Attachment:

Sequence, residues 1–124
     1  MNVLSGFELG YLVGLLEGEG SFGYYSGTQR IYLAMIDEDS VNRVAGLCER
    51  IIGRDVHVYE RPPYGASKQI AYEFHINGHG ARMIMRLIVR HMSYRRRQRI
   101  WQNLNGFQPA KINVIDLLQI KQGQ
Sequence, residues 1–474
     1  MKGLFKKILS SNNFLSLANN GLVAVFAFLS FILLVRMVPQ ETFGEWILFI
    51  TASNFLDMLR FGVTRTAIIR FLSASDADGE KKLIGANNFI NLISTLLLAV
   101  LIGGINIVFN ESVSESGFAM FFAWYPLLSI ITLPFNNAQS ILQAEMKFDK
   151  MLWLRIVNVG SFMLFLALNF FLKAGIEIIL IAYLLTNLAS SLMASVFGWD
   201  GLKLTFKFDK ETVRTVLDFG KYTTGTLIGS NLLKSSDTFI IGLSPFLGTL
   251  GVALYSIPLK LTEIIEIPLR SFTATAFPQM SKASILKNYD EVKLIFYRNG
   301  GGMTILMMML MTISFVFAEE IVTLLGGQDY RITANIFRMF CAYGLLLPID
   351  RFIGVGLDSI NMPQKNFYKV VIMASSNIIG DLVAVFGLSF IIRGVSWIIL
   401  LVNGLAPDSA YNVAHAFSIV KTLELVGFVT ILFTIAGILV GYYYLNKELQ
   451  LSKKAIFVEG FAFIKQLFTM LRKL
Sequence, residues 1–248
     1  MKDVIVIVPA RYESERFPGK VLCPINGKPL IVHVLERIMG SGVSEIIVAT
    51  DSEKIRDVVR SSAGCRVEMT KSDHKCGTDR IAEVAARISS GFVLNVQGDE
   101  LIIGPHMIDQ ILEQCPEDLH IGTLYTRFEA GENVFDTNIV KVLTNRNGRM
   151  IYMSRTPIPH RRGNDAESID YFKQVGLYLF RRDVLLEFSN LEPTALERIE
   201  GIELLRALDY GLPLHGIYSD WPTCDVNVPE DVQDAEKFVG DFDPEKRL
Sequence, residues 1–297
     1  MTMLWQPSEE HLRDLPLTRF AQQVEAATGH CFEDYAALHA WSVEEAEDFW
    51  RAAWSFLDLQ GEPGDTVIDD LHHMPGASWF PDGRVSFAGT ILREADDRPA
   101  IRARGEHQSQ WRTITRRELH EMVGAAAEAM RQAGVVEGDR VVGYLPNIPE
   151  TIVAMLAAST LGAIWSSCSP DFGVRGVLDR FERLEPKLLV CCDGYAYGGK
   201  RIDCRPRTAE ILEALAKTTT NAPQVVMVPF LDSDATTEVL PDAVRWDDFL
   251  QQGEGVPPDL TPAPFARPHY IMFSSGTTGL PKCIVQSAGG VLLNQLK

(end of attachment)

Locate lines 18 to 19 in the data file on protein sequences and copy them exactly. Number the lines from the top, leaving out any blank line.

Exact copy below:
    51  DSEKIRDVVR SSAGCRVEMT KSDHKCGTDR IAEVAARISS GFVLNVQGDE
   101  LIIGPHMIDQ ILEQCPEDLH IGTLYTRFEA GENVFDTNIV KVLTNRNGRM